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Generation and Manipulation of the Structure

The commands described in this node are used to construct and manipulate the PSF, the central data structure in CHARMM (see PSF.FCM). The PSF holds lists giving every bond, bond angle, torsion angle, and improper torsion angle as well as information needed to generate the hydrogen bonds and the non-bonded list. It is essential for the calculation of the energy of the system. A separate data structure deals with symmetric images of the atoms. See Images.

There is an order with which commands to generate and manipulate the PSF must be given. First, segments in the PSF must be generated one at a time. Prior to generating any segments, one must first have read a residue topology file, see Read. To generate one segment, one must first read in a sequence using the READ command, see Sequence. Then, the GENErate command must be given.

Once a segment is generated, it may be manipulated. This can be done in a very general way using the patch command. The patch command allows, for instance, the addition of disulfide bridges, changing the protonation state of a titratible residue or to make a histidine heme crosslink.

The PSF can be saved with the “WRITE PSF” command. A PSF may be read with the “READ PSF” command. The “READ PSF” command has an “APPEnd” option that allows the merging of individual PSF files. In addition, the “DELETE” command allows the deletetion of atoms and all references to the deleted atoms.

The Generate Command - Construct a Segment of the PSF

GENErate [segid] { generate-spec        } [SETUp]
                 {  DUPLicate segid     }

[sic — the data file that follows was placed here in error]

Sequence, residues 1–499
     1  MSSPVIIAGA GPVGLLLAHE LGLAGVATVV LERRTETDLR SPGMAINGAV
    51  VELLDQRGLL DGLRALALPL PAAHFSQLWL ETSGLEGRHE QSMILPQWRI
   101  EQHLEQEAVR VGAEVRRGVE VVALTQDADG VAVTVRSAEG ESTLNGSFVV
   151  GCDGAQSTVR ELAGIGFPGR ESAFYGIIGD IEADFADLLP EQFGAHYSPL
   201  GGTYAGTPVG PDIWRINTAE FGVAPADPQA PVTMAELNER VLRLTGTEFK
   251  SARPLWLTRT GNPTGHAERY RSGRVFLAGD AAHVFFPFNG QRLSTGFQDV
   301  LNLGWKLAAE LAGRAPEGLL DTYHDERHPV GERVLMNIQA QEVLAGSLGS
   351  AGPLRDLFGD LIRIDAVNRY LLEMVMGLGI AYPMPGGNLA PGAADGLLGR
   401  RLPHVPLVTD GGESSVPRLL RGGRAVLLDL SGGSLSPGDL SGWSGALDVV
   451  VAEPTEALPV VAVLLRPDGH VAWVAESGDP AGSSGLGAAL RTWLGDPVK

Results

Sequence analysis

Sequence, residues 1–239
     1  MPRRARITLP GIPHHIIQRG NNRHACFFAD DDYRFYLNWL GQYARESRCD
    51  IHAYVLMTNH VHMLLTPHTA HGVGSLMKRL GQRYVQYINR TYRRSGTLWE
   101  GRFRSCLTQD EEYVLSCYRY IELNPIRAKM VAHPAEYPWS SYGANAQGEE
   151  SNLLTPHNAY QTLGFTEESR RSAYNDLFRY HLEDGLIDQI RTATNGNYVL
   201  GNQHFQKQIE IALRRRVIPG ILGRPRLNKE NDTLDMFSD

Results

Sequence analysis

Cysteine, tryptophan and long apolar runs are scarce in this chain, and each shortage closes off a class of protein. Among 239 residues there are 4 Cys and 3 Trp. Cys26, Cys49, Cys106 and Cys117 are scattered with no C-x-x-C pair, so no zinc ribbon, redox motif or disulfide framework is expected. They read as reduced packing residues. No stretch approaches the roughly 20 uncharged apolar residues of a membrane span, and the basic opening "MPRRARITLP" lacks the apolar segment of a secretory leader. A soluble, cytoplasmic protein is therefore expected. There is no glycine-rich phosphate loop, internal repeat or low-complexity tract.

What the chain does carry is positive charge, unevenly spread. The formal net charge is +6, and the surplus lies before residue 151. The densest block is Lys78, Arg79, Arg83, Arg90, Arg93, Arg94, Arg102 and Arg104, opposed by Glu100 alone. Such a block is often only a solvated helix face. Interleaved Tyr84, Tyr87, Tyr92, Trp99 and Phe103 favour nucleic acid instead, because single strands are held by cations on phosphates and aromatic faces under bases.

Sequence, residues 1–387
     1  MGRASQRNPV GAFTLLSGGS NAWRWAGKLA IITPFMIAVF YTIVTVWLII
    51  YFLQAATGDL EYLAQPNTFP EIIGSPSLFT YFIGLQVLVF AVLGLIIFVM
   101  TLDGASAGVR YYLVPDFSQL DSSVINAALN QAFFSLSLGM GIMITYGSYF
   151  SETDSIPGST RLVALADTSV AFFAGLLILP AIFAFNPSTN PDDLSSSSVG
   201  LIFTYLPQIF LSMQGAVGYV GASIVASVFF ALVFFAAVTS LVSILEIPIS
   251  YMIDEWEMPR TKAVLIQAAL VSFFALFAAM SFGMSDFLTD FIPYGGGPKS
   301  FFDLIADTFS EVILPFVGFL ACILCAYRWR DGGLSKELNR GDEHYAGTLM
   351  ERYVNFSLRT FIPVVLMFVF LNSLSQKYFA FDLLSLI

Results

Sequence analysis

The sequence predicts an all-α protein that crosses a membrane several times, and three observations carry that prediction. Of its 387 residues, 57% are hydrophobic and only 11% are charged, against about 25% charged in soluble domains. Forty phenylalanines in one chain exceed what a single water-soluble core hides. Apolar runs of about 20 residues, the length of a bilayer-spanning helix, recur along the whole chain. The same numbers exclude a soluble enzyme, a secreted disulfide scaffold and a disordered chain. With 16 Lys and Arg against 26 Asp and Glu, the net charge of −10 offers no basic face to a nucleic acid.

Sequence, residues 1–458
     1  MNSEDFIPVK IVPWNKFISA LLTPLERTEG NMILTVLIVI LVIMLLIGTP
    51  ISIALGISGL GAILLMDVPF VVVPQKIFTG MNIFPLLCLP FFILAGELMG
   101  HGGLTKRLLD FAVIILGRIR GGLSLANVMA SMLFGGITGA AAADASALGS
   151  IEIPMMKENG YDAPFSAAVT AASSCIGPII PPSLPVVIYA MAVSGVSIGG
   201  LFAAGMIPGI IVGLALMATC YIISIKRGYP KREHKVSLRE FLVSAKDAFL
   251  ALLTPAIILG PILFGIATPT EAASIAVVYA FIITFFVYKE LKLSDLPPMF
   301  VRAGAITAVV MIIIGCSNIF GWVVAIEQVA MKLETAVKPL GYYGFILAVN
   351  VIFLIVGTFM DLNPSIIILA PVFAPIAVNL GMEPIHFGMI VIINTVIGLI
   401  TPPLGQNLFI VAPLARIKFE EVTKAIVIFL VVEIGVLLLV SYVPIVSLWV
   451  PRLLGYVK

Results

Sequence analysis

generate-spec::= [FIRSt pres] [LAST pres] [WARN] [ ANGLe   ] [ DIHEdrals ]
                                                 [ NOANgle ] [ NODIhedral]

This command uses the sequence of residues specified in the last READ SEQUuence command and the information stored in the residue topology file to add the next segment to the PSF. Each segment contains a list of all the bonds, angles, dihedral angles, and improper torsions needed to calculate the energy. It also assigns charges to all the atoms, sets up the nonbonded exclusions list, and specifies hydrogen bond donors and acceptors. Any internal coordinate which references atoms outside the range of the segment is deleted. This prevents any unexpected bonding of segments.

The FIRSt and LAST specifications define what patch-residues should be used for the terminating residues. If no specification is given, then the default patching as specified in the topology file will be used.

The WARN keyword, will list all elements that were deleted due to nonexistant atoms (usually references to the terminating residues).

The SETUp option will cause any internal coordinate table entries (IC) from the topology file to be appended to the main IC table.

The ANGLe (NOANgle) and DIHEdral (NODIhedral) options override the autogeneration option specified in the topology files. This may be done to suppress unwanted additional terms, or to add terms for specific residues.

Note

The solvent residues (TIP3, ST2, WAT) must be generated with the NOANgle and/or NODIhedral qualifier. This is only necessary for the files which use the AUTOgenerate ANGLes and/or DIHEdrals as a default. This also means that a protein residue sequence and water molecules may not be combined in the same generate command. Also, there is a special “READ SEQUence residue_type integer” command where integer is the number of resudies of residue_type (often water molecules). This avoids the need to list the number of residues followed by the specification of each TIP3 residue name individually as is done with a protein.

For the DUPLicate segment option, the generate command MUST NOT be preceded by a READ SEQUence command. This option will create a new segment which is identical (except for the segid) to an existing segment. This option is mainly intended for the use in setting up small crystals for viewing and other analysis.

Nonbonded Exclusion List (NBX)

Some pairs of atoms are excluded from the nbond exclusion lists because their interactions are described by other terms in the hamiltonian. By default directly bonded atoms and the 1-3 atoms of an angle are excluded from the nonbond calculation. In addition the diagonal interactions of the six membered rings in tyrosine and phenylalanine were excluded from the nonbond calculation through CHARMM version 15 with RTOPH6. Hydrogen bonds, and dihedral 1-4 interactions are not excluded (note that other workers may differ from us on one or both of these points).